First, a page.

Perth entrepreneur and real estate owner, Raj Singh, is teaming with an Indian property development group to deliver a revolutionary form of co-living accommodation in India that aims to attract Australian investors.
His real estate company, Real IQ in Northbridge, signed a joint venture with INCOR Group of India to provide fresh, purpose-built homes for university students and IT professionals in the teeming sub-continent.
“About 13 per cent of Indians migrate to other states for education, employment or marriage opportunities. That’s more than 150 million people,” Mr Singh says. “About 50 per cent of them are aged 18 to 35, and they need a place to live. Existing rental stock, which is not organised, is grossly inadequate to meet demand.”
Co-living is the answer, he says. For a set fee, tenants get purpose-built apartments with all essentials, including furniture, laundry, cooked food and even Netflix TV.
Two people who may or may not know each other cohabit separate beds in a one-bedroom unit; four people in a two-bedroom unit and, in each case, they share lounge, kitchen and toilet. As well, there are premium studio units for one person, targeted at the business community.
“We’re not selling apartments,” Mr Singh says. “We take the whole building and operate it like a hotel. It’s a new way of tenanting apartments that is more efficient and less costly. And funkier.”
Fully furnished homes will cost 10 to 15 per cent less than what tenants now pay, with the bonus of better locations, services and quality, inclusive pricing and onsite security staff.
Mr Singh says they fill a growing need for good accommodation in bustling hubs of education and technology in the metros of Bengaluru, Chennai and Hyderabad.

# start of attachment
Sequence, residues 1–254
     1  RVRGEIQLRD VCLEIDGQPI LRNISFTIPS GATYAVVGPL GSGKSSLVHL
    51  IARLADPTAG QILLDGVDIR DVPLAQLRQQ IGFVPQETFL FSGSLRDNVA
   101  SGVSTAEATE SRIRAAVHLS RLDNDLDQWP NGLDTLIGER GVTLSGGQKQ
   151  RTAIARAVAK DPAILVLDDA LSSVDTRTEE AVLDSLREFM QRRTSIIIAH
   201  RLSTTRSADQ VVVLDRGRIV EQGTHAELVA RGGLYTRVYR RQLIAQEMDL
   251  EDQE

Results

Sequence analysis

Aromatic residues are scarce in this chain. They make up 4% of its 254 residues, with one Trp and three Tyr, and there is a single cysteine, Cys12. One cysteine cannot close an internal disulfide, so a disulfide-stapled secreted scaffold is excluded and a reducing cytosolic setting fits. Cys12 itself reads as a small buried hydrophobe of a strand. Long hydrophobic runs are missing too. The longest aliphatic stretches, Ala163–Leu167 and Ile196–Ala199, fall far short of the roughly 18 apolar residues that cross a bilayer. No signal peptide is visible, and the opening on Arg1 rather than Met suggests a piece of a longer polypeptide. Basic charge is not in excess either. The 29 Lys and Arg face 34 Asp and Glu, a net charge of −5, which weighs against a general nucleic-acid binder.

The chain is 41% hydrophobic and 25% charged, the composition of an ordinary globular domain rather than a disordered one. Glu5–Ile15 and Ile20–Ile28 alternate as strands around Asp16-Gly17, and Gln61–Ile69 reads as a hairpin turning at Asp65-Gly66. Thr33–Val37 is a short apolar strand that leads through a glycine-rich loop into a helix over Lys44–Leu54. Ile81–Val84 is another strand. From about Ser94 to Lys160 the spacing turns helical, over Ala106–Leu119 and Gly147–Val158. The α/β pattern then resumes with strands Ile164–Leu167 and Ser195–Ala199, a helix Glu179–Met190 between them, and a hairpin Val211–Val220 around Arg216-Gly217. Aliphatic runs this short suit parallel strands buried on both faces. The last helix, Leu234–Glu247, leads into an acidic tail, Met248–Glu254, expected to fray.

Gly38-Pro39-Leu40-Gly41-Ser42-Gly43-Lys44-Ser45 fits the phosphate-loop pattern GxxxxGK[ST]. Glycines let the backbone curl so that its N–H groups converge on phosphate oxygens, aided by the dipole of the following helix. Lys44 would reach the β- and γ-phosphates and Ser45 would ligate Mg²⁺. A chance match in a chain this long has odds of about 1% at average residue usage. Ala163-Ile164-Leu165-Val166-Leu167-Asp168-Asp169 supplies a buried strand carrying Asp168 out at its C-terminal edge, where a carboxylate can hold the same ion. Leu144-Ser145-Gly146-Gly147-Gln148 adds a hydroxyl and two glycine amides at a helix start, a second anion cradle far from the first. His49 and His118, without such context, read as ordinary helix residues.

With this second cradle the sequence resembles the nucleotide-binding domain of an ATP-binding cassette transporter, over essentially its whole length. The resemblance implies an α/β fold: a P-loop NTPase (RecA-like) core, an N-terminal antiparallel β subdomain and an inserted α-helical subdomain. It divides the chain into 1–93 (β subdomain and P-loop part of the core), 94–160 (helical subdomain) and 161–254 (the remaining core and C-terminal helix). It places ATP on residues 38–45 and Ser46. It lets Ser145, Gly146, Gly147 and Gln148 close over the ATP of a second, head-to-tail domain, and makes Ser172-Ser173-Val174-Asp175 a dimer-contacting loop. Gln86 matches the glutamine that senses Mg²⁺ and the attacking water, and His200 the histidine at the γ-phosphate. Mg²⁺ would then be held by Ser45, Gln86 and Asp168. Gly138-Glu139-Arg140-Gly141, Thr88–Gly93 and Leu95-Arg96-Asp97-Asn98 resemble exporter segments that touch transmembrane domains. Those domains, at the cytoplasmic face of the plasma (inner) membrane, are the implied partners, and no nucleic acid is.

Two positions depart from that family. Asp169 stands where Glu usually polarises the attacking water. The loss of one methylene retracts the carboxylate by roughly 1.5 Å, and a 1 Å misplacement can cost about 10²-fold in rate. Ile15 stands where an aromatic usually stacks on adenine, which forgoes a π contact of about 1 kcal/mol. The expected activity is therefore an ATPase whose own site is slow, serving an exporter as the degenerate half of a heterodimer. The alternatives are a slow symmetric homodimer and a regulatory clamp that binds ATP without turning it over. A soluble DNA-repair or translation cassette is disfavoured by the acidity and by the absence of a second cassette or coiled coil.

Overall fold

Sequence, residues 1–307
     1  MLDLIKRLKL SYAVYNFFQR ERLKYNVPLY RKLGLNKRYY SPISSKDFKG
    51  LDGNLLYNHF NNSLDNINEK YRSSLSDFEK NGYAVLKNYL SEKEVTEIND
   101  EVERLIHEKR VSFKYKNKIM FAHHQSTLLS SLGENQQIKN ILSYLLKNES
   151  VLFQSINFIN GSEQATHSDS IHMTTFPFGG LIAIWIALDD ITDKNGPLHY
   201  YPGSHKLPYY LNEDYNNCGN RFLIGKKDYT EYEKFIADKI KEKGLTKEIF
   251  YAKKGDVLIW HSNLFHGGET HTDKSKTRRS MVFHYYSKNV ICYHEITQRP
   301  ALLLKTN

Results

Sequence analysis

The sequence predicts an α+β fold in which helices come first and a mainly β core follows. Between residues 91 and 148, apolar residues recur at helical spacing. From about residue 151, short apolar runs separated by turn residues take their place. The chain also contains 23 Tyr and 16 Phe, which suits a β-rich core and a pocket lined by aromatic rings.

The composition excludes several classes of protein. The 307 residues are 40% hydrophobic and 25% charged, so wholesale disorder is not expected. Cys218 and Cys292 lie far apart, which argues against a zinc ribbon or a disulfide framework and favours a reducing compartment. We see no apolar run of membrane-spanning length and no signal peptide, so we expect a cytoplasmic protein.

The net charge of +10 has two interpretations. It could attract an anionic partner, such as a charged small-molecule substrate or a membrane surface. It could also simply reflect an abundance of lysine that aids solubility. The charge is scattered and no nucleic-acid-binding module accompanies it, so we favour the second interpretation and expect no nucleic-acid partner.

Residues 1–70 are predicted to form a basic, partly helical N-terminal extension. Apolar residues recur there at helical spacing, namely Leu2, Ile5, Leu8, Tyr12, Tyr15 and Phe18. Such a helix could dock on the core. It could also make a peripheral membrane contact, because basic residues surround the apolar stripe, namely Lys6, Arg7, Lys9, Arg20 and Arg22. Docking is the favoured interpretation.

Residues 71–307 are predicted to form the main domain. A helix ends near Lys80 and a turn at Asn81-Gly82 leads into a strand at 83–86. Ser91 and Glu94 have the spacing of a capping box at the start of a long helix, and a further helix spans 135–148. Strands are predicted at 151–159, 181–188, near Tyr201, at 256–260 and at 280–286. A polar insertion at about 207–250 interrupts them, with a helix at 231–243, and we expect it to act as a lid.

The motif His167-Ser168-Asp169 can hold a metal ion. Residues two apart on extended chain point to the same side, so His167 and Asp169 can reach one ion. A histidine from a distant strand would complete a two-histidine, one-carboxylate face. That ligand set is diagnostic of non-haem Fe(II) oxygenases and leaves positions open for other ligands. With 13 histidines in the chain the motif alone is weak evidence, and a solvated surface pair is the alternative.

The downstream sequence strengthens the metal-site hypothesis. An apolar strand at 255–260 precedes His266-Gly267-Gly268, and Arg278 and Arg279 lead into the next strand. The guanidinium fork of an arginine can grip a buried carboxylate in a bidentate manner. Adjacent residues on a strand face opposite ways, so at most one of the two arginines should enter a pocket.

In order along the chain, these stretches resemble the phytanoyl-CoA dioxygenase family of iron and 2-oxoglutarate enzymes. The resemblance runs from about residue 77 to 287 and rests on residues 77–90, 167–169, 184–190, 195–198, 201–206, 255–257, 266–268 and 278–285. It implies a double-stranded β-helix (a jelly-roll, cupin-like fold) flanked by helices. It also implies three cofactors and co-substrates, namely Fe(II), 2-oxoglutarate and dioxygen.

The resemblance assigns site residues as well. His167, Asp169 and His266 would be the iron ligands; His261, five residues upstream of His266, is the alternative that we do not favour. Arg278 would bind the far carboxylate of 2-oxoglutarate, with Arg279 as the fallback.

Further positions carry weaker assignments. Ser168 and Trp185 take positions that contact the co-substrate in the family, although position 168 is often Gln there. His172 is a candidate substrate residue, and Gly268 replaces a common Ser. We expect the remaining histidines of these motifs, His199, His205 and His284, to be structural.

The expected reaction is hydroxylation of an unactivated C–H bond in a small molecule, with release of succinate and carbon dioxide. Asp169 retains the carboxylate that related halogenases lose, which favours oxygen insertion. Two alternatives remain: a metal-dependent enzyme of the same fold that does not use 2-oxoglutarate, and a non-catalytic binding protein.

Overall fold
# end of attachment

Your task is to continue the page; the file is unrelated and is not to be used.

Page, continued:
The target group is millennials – 18 to 35-year-olds – comprising students and professionals, a significant number of whom hold well-paid jobs with global tech giants.
Real IQ’s joint venture partner, INCOR Group, is one of South India’s most respected corporate houses in real estate. The group services more than 3600 families and INCOR has a penchant for building well-knit and vibrant communities. Through the Omni chain of hospitals, comprising six hospitals with more than 850 beds, the group also has a major presence in healthcare. In view of the considerable unmet need for organised accommodation, INCOR has launched Boston Living, a co-living brand that seeks to create a unique living experience.
Boston Living is renovating a former 260-room block of flats in Hyderabad to provide 500 co-living beds, to demonstrate the lifestyle. A new 500-bed development in Chennai is scheduled for completion in six months, to be followed by another with 1500 to 2000 beds in 18 months. A new 1000-bed complex is planned for Bangalore. Land is already set aside. Boston Living aims to incorporate 15,000 to 20,000 beds of premium co-living by 2023.
Mr Singh plans to fund the project by pitching to Australian institutional investors and high net worth individuals. Australia’s low interest rates will lead investors to diversify into emerging overseas markets, he predicts. Under Prime Minister Narendra Modi, India’s economy is geared to double in five years’ time, spurred on by regulatory changes to attract foreign investment.
Mr Singh was born and raised in India and has more than 17 years’ experience in real estate in New Zealand and Perth.
He took note of India’s booming economy and spent 18 months researching its property market and tax structures, the latter to provide solutions for investors outside of India.
Mr Singh teamed up with property developer, INCOR Group, where an old friend, Surya Pulagam, was at the helm. They planned co-living projects under the banner, Boston Living, to meet accommodation demands of an increasing number of young people in fast-growing cities.
“Our goal is to get the millennials to switch to co-living from traditional home rentals,” he said.
According to his research, India’s 3.6 million beds in the shared rental market in 2018 will grow to 5.7 million by 2023. Co-living’s 2.6 per cent of rentals will grow to 8.3 per cent in that timeframe.
Nearly 40 per cent of India’s millennial workforce are migrants. About 4.7 million migrant millennials are employed in the service sector across India’s top seven cities, a figure expected to increase to approximately 7 million by 2023. Most of them stay in unorganised rented accommodation.
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